About the 16th and early in the 17th century, two cases occurred, one near Prague in Bohemia, the other in Prussia, in which a knife was swallowed, but it unfortunately got too far and passed into the stomach. By the application of these magnetic plasters, the point became attracted towards the surface, so that it could be removed by incision 102.

In the 18th century, after the properties of magnets had begun to be scientifically investigated, they were made of various forms and their effects studied in numerous parts of Europe, and many treatises were published on their supposed properties. Perhaps the most important and best authenticated, are those of MM. Audry and Thouret. These experimenters believed that they were effective agents.

Since that time, the use of magnets as remedial agents has been almost entirely laid aside and forgotten, it having been found that no constancy was exhibited in the results of their application, and that their occasional supposed efficacy depended upon other circumstances, which were overlooked from the sufferers' attention being engrossed by the magnet. The application of the magnet to remove small particles of iron or steel which have accidentally fallen into the eyes, has been lately revived. In some manufactories, where these minute particles are constantly thrown off in the grinding of hardware and driven into the eyes, large magnets are kept fixed at a proper height, so that the workmen can resort to them immediately. Such is the case for instance at Fairbairne in Belgium, and we believe the same has been adopted in some of our own manufactories to catch the floating particles, and thus to prevent their being drawn into the lungs during respiration. The reader may form some idea of the effective manner in which magnets can be applied, from the following incident which occurred to Prof. Faraday, whilst experimenting with a powerful (electro-) magnet; an iron candlestick which happened to be standing near its poles on the table at which he was at work flew to them, attracted with such violence as to displace or break everything in its way.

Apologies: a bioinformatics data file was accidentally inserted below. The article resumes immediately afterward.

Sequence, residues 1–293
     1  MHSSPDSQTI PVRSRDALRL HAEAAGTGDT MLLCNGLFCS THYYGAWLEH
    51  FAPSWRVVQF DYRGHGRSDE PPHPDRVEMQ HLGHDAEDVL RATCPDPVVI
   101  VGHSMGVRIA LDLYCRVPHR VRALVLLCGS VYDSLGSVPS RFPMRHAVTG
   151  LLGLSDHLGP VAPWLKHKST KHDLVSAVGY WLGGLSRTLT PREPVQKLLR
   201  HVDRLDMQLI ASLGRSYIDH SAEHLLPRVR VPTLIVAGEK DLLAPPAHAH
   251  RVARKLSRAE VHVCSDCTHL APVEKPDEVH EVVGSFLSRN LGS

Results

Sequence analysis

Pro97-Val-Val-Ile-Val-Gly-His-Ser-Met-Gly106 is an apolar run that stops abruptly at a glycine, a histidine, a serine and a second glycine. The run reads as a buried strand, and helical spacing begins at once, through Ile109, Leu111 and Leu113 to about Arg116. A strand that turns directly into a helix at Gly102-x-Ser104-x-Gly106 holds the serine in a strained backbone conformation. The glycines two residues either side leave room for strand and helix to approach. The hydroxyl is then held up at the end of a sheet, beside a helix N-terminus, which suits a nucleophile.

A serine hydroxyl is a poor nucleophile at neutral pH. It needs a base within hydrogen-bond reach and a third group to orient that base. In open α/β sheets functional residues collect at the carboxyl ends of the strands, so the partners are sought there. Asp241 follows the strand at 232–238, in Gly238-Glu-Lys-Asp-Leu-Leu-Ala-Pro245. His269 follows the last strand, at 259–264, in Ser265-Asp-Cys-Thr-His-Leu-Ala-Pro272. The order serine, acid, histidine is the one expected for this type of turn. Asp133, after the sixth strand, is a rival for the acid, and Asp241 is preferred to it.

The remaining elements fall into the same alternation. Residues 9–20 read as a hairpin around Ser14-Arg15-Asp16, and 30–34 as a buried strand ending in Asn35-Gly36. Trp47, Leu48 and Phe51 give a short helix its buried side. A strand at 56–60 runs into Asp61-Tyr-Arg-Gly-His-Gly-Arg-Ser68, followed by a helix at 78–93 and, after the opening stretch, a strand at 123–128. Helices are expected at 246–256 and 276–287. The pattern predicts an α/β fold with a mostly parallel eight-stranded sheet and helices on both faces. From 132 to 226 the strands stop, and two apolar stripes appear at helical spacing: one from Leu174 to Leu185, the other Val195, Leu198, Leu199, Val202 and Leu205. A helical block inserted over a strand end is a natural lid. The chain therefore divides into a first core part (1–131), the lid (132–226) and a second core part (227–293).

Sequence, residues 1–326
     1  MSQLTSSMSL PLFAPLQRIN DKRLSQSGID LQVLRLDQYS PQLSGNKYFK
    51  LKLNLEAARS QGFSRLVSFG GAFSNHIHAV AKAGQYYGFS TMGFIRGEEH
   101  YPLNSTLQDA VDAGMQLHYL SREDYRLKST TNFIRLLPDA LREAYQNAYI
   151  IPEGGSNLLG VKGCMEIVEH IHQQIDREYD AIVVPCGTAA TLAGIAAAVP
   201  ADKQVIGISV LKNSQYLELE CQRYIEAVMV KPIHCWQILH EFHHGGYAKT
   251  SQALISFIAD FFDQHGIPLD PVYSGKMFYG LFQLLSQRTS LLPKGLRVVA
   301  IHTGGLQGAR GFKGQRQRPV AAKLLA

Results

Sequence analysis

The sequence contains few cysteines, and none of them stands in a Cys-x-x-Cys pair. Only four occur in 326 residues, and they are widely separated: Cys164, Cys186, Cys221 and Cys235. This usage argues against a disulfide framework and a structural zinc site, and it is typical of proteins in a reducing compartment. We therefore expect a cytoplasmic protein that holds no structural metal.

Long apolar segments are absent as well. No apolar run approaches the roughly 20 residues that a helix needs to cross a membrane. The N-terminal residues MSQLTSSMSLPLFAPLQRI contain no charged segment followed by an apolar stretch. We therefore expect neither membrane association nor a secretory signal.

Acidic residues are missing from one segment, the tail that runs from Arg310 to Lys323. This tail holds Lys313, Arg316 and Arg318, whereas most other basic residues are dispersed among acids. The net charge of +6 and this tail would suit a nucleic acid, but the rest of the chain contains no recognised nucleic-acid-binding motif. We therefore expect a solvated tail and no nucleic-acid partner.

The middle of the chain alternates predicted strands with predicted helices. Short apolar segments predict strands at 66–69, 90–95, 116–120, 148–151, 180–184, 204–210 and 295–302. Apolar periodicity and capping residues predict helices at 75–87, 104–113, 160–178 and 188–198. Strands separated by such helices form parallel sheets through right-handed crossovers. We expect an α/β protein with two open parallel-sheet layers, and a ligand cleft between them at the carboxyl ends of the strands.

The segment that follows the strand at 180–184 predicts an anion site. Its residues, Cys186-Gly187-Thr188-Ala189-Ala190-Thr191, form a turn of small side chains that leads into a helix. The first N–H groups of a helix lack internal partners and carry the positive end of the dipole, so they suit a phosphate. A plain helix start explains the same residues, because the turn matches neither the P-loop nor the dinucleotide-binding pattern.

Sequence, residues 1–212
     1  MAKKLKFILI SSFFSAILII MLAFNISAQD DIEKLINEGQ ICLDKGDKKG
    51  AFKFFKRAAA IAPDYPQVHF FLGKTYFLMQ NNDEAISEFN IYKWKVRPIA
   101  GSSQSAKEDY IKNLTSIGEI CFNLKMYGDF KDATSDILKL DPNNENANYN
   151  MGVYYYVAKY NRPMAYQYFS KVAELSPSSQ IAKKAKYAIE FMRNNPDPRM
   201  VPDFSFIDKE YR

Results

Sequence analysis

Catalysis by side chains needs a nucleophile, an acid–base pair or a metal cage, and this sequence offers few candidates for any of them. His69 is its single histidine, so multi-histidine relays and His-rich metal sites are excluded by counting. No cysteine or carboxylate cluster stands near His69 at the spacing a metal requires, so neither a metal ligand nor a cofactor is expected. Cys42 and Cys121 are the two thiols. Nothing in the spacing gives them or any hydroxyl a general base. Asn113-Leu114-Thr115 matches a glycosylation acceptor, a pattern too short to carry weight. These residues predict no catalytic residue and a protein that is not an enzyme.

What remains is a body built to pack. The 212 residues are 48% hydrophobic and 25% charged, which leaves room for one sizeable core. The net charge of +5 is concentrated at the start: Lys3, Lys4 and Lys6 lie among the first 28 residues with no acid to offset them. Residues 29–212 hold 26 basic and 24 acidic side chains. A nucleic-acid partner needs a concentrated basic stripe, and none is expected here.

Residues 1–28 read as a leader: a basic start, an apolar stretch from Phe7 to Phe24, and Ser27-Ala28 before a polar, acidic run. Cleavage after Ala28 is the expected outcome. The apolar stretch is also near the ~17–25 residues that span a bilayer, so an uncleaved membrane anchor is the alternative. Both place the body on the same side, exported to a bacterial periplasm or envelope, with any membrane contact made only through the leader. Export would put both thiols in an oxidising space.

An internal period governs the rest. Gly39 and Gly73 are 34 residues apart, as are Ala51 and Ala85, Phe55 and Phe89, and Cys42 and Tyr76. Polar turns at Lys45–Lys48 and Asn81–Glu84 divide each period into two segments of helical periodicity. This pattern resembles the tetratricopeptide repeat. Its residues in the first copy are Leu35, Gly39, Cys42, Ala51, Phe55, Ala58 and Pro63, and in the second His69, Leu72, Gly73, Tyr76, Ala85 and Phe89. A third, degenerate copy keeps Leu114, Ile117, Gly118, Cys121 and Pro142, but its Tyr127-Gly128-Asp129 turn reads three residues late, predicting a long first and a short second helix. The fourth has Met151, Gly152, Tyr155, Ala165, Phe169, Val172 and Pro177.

In the 18th century, a new supposed magnetic power was discovered, and with various success has continued to be applied to the delusion of the public. About 1770, Father Hehl, a jesuit, the Professor of Astronomy at Vienna, who had great faith in the influence of the loadstone on human diseases, and had invented steel plates of a peculiar form, which he impregnated with magnetic virtues and applied to the cure of diseases, communicated his discoveries to Anton Mesmer, who subsequently invented animal magnetism or mesmerism. Mesmer made use of his friend Hehl's plates to employ the magnet according to certain notions of his own. In his subsequent experiments magnets were gradually dispensed with, and as practised in modern times, they have been found unnecessary. Hence mesmerism or animal magnetism has no relation to the magnetism of the magnet, and may therefore form the subject of a future article.